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12,000-year-old sequins trace at a shared tradition in Indonesian islands

12,000-year-old sequins trace at a shared tradition in Indonesian islands

2023-08-20 15:38:52

Inhabitants of three totally different Indonesian islands, 12,000 years in the past, had an analogous style for sequins.

A staff of Australian and Indonesian researchers have discovered that reflective shell beads, sewn onto clothes and different objects, was a typical development throughout the islands of Alor, Timor, and Kisar.

This implies there have been shared decoration traditions throughout the area, 12,000 years in the past.

The researchers examined beads that had been excavated from Makpan Cave, on the island of Alor, by archaeologists from the Australian Nationwide College and the Universitas Gadjah Mada, Indonesia.

Makpan Cave.

Alor is roughly 100 km north of Timor, whereas neighbouring Kisar is roughly 50 km north.

“The time and ability required to create the tiny shiny beads within the numbers discovered archaeologically should have been intensive, suggesting that the beads had been an vital a part of the Makpan neighborhood’s repertoire of decoration,” says Affiliate Professor Michelle Langley, a researcher at Grifith College and lead creator on a paper in regards to the analysis, published in Antiquity.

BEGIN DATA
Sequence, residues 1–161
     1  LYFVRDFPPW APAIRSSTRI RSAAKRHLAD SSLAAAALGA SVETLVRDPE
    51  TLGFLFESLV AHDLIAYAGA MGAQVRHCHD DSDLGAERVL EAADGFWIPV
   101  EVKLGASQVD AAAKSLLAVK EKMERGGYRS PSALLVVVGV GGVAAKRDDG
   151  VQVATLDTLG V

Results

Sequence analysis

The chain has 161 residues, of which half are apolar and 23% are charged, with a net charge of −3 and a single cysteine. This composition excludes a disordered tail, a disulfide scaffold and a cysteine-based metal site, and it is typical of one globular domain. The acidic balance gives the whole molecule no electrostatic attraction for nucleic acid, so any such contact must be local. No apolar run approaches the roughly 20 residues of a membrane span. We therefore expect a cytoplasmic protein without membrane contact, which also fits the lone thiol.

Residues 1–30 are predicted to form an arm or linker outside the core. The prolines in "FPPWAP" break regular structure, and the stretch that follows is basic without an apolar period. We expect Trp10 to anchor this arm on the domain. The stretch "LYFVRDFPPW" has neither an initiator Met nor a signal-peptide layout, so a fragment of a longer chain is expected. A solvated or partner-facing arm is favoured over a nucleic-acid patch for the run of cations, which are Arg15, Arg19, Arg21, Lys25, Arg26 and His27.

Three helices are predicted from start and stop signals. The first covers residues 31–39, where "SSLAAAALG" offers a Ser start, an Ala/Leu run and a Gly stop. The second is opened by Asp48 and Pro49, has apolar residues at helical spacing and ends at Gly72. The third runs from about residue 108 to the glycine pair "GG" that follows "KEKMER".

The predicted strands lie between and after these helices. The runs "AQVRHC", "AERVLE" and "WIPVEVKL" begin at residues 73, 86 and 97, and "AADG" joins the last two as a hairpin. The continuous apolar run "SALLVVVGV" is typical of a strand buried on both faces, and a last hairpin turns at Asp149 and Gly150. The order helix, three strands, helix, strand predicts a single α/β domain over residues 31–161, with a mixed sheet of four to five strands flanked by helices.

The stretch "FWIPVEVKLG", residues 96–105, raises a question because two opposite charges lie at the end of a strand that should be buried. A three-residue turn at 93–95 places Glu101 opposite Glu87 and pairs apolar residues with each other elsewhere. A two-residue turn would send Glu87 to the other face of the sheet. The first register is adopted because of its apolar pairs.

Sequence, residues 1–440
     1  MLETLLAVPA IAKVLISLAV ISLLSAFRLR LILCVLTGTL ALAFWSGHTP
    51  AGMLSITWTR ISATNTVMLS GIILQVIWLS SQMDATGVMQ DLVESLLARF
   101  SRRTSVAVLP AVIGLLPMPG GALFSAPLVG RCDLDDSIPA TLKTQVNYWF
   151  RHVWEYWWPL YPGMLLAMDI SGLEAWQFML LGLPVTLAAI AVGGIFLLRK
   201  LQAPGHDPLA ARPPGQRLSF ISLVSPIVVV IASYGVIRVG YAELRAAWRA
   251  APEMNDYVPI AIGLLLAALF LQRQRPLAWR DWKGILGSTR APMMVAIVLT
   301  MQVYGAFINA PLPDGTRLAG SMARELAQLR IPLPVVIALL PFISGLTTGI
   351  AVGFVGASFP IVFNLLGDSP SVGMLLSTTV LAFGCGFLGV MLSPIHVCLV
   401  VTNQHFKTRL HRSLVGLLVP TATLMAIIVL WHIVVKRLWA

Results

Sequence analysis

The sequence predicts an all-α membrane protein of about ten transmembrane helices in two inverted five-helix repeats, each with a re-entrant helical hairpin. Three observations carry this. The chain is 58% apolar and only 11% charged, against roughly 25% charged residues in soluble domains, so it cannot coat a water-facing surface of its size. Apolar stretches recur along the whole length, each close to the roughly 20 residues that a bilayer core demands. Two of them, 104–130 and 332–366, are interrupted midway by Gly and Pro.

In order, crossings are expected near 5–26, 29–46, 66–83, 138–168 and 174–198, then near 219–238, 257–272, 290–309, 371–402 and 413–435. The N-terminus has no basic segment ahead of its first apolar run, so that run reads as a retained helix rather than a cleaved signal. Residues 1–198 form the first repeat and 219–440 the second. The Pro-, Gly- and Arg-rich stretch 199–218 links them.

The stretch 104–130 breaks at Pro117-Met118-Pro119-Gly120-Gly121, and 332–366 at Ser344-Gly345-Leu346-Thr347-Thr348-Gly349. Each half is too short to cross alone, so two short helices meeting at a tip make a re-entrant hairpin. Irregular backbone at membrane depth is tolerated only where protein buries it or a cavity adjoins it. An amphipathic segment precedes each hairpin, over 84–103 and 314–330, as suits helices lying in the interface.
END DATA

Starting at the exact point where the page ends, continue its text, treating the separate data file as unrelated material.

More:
Langley and colleagues used microscopy to match the beads, which got here from Nautilus shells, to bead beforehand discovered on Timor and Kisar.

“If you put artefacts below a microscope, a mess of tiny marks turn into seen you could’t see with the bare eye,” says Langley.

“All these tiny marks will let you work out how the artefact was made, the way it was used […] and what occurred to it after it was misplaced or discarded.”

“What’s attention-grabbing,” says co-author Dr Shimona Kealy, a researcher on the Australian Nationwide College, “is that Nautilus shells, which had been used to make the beads, are nearly totally absent from this discard pile of historical shellfish feasts, indicating that Nautilus was not collected for meals however particularly for crafting.”

People in archaeological pit
The dig in Makpan.

In addition to being genetically associated, Langley says it’s probably that the individuals who inhabited these islands within the Pleistocene period, 12,000 years in the past, had “a picture of an inter-island ‘neighborhood of observe’ with shared values and worldviews”.

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“The archaeological proof is indicating that there was a variety of interplay between the peoples of those islands — not solely seen within the shell bead ornamentation, however they’re additionally all utilizing obsidian (volcanic glass) from the identical supply (although we’ve not but discovered the supply),” she says.

Senior creator Professor Susan O’Connor, from the Australian Nationwide College, is heading off to search for the supply of this obsidian.

“There is no such thing as a doubt that the peoples of those islands had been actively shifting between the islands — utilizing boats — to work together with one another over 1000’s of years,” says Langley.

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